Rachel Reeves vowed a Labour government led by Sir Keir Starmer would be profoundly “pro-business” and committed to fiscal discipline.
She told the Financial Times: “It doesn’t sound totally preposterous that Labour could be in government some time quite soon.”
However, Ms Reeves acknowledged Sir Keir’s Labour had a great deal of work to do to regain voters’ trust after a humiliating defeat in the 2019 election.
The shadow chancellor explained that would entail a solid partnership with business to increase growth – including developing infrastructure, more apprenticeships and increased research spending.
She said: “Labour is a pro-worker party but we’re a pro-business party too, and very proudly so.”
But Ms Reeves added tax loopholes which benefit private equity and independent schools would be closed under Labour.
She added the opposition were determined to “make Brexit work” by improving on the EU-UK trade deal, as well as sticking to a system which restricted free movement, saying voters like those in her Leeds constituency were “rightly angry” about UK jobs being advertised in eastern Europe.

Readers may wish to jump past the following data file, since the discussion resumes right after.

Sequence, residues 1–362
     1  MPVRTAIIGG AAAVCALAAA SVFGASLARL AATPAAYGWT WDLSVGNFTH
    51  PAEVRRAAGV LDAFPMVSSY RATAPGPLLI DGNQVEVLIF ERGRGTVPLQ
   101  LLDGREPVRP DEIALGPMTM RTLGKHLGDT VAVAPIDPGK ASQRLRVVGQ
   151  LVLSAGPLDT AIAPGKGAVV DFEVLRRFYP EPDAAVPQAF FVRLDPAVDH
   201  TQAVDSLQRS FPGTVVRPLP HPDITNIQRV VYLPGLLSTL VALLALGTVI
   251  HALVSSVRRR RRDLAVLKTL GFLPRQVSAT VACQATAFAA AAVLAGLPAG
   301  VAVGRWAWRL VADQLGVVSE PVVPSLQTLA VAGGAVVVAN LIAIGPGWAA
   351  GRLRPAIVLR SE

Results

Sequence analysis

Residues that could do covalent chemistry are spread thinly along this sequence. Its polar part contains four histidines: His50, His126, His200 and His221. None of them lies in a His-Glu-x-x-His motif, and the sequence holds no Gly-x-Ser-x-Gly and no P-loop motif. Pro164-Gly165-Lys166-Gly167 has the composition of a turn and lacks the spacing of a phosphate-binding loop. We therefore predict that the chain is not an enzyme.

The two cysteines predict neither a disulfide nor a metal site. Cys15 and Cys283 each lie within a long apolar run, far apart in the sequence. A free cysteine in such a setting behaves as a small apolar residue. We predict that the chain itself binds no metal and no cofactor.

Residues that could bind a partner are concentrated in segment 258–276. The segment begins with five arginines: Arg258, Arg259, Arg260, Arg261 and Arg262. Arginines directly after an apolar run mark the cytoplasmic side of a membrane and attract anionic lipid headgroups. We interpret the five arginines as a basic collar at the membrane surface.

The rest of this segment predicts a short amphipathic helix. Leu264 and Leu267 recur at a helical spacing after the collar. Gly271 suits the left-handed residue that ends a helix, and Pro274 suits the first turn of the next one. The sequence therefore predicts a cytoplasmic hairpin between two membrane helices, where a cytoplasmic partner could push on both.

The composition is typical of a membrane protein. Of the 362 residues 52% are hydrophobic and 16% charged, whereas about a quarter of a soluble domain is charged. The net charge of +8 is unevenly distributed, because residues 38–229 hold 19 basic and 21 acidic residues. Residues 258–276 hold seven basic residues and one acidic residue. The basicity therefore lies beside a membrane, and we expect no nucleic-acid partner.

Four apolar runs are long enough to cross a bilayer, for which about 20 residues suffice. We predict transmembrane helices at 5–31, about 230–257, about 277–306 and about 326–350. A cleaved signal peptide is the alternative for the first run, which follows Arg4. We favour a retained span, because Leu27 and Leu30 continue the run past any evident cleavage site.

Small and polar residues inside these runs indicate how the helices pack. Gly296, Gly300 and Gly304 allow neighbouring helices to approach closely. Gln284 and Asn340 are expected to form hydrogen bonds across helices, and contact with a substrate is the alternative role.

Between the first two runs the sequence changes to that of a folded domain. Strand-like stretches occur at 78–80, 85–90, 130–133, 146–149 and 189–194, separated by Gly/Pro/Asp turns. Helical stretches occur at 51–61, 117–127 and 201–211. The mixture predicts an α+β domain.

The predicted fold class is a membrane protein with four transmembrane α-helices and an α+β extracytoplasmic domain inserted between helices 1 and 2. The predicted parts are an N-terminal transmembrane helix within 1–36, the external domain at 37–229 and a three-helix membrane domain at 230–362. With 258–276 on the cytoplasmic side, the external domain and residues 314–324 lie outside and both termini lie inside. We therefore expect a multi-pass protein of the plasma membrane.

She said: “I don’t want to go back to a system of free movement — it was the biggest reason people voted to leave and I don’t want to go back to that model.”
Ms Reeves added that it was a “good thing” Labour membership was dropping as it allowed the party to shed unwelcome supporters and rid itself of the “stain” of anti-Semitism.
In addition to being an MP and shadow chancellor, Ms Reeves is the vice-chair of the group Labour Friends of Israel which seeks to strengthen ties between the British Labour Party and the Israeli Labor Party.
The economist and MP for Leeds West since 2010 was appointed Shadow Chancellor of the Duchy of Lancaster when Sir Keir became Labour leader in 2020, before being promoted to the role of Shadow Chancellor of the Exchequer in May 2021.
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